The athlete must then carefully exit the gate as they had entered it and await another opportunity to jump. Failure to dismount the gate within ten to fifteen seconds of being shown a red light, or jumping without having been given the signal to go, will disqualify the athlete.
In ski flying there are ten separate wind sectors that are measured along the hill, with five in a staggered arrangement on each side; in ski jumping there are seven or less sectors.
In especially tricky conditions, athletes may sometimes be forced to exit and re-enter the gate multiple times before they are cleared to jump. If conditions are normal and a green light is shown, the athlete's coach — who is situated in a coaches' section lower down the inrun with a flag in hand — gives them the final signal to go;  coaches may sometimes have to whistle or give a shouted confirmation in low-visibility conditions.
To begin descending the inrun, they drop down from the gate to a crouching position. Speed is rapidly picked up within seconds via built-in tracks, made from porcelain or ceramic , into which the skis are slotted.
The athlete's streamlined crouch minimises air resistance along the inrun,  and a further effort is made to reduce friction by not allowing the skis which have wax applied to them to bump too much against the sides of the tracks.
Inrun speed is measured from the table using a radar gun. No ski poles are used, and no assistance from others such as being pushed from the gate is allowed.
In heavy snow conditions the tracks can become clogged up, which reduces inrun speed and may cause an unpredictable descent for athletes.
Event personnel standing by the sides of the inrun are often assigned to use leaf blowers to prevent the tracks from clogging up with snow.
Moments before being launched off the table, the athlete undergoes a sudden increase in g-force due to the curvature — or 'compression' — of the bottom of the inrun.
They then initiate a very powerful, explosive jump that requires great leg strength. This highly aerodynamic "V" essentially turns the athlete into a 'flying wing', and all of this takes place in only a tenth of a second  before the transition is then "closed"  and the flying position maintained until the end of the jump.
Timing is crucial and there is next to no margin for error at this phase: a jump that begins too early or late off the table can mean the difference between an excellent, average or poor effort.
The most challenging stage of the takeoff is carrying the speed forwards from the inrun with sufficient height over the knoll , and achieving the correct trajectory down the hill.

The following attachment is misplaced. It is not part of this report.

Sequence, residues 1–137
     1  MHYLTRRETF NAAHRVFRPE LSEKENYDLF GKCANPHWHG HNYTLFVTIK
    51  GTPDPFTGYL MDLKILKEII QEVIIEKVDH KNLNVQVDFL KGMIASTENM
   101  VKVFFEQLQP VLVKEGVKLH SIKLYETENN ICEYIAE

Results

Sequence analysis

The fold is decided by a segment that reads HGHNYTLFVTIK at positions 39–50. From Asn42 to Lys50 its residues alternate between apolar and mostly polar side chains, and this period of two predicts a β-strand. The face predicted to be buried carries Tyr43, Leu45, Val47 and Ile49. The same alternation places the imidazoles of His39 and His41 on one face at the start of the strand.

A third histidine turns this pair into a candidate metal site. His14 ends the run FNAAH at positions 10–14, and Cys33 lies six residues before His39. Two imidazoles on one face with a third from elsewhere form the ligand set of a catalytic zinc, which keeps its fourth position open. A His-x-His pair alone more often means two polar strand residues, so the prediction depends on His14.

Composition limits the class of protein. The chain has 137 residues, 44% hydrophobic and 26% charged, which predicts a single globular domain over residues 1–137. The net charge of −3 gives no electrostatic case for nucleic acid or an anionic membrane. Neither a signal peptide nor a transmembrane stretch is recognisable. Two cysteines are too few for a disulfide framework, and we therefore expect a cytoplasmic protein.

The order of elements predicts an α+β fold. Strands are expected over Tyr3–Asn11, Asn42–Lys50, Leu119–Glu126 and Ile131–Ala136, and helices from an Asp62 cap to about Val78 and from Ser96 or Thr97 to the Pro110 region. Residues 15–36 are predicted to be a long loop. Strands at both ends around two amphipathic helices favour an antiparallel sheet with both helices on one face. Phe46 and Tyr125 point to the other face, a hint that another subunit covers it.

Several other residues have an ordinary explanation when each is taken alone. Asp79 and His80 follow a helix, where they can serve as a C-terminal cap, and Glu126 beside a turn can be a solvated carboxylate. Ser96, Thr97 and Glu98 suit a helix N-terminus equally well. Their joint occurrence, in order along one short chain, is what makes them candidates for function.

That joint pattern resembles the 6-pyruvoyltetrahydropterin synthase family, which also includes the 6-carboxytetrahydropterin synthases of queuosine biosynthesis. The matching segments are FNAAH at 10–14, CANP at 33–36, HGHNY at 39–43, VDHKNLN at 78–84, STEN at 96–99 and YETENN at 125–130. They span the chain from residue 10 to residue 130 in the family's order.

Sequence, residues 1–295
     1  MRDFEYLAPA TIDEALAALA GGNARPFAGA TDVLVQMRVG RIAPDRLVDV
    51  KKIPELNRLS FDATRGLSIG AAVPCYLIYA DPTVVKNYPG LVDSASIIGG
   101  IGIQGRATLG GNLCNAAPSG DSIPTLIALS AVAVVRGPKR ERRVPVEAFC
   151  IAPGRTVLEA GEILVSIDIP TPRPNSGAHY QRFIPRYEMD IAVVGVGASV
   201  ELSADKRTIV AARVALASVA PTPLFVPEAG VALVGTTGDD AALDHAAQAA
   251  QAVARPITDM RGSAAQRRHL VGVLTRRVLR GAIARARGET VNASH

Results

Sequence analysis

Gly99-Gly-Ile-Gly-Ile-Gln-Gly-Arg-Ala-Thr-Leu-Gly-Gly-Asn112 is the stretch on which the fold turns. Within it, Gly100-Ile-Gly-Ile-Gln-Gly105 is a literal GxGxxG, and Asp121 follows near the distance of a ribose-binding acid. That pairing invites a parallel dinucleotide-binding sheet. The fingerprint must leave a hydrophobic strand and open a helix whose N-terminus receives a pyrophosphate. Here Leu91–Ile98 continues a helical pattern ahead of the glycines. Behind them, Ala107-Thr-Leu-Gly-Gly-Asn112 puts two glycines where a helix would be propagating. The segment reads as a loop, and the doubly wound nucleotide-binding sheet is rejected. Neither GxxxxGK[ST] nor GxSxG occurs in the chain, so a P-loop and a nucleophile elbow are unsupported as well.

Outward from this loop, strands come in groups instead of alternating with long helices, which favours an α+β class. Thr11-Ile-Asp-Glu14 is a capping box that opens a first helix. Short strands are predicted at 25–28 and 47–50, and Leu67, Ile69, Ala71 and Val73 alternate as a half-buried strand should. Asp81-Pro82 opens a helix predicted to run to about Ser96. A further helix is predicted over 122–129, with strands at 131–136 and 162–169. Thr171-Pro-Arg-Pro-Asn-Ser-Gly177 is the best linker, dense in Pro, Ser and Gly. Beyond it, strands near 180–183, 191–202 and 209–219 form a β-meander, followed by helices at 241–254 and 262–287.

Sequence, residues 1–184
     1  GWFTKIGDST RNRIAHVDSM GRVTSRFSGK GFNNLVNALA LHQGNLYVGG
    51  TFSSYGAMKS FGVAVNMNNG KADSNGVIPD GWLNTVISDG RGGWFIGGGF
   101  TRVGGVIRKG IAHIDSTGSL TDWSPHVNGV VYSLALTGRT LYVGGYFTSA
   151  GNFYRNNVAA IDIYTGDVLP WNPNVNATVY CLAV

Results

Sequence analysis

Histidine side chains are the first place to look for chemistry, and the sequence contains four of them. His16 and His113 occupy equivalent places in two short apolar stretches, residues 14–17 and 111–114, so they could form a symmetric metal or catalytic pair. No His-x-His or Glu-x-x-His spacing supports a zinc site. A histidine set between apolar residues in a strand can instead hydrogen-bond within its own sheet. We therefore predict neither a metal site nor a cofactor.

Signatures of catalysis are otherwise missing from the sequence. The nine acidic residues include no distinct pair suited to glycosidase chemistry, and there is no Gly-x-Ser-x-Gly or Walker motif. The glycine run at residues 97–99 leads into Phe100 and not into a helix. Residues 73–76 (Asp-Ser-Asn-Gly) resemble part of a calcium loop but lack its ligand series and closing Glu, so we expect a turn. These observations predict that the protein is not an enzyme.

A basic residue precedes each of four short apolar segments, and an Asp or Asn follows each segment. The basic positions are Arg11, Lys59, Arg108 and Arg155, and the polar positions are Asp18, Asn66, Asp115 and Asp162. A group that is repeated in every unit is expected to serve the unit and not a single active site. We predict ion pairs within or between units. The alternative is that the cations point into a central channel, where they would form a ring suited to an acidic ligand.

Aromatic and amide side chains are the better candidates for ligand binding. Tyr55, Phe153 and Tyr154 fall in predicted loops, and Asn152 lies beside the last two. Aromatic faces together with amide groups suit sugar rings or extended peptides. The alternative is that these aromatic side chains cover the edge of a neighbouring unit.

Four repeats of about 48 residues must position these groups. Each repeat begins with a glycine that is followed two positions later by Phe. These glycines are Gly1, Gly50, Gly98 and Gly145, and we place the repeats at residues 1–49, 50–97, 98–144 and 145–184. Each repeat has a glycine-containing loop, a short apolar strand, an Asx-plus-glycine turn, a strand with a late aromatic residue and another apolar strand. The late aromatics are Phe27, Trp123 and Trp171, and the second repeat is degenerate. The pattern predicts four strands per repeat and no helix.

On modern ski flying hills the table is placed considerably far back from the knoll, so as to reduce the steepness of the flight curve.
Skilled athletes are able to aggressively 'snap' into the transition so as to clear the knoll with ease, thereby allowing them to focus completely on using their flying technique to maximise distance further down the hill.
Those of the highest skill level can also consistently compensate for a lack of inrun speed with perfect timing off the table and an excellent transition.
However, there is a fine line between aggressiveness and over-aggressiveness at takeoff. This excessive angle of attack causes the skis to act more as a spoiler than an efficient aerodynamic device to cut through the air,  resulting in more height than distance; a flight curve that is too steep or shallow is unfavourable.
In a well-executed jump, athletes will spend several seconds longer airborne than in ski jumping — up to five seconds more — which requires a different level of skill in order to sustain flight for a longer period, and showcases how the role of aerodynamics is magnified in ski flying.
Not all athletes who excel in ski jumping are able do so in ski flying see the section on specialists , and it can be difficult for them to hone their skills in the latter due to the hills being off-limits when competitions are not staged.
Once the athlete has taken flight, characteristics similar to that of a glider come into force. The heel of the boot is then attached to a wedge on the ski using a hinged binding peg and backup strap,  allowing the athlete to lean forward into their preferred aerodynamic position and spread the skis wide apart.
Much like aircraft wings, the skis are flexible to an extent, resulting in them bending and vibrating significantly upon takeoff.
Maintaining stability in the air is paramount: a loss of balance, or a differential pressure under the skis, can lead to disaster see list of ski flying accidents.
A few athletes have a tendency to drift over to one side of the hill, a technical defiency which invariably shortens their jump distance.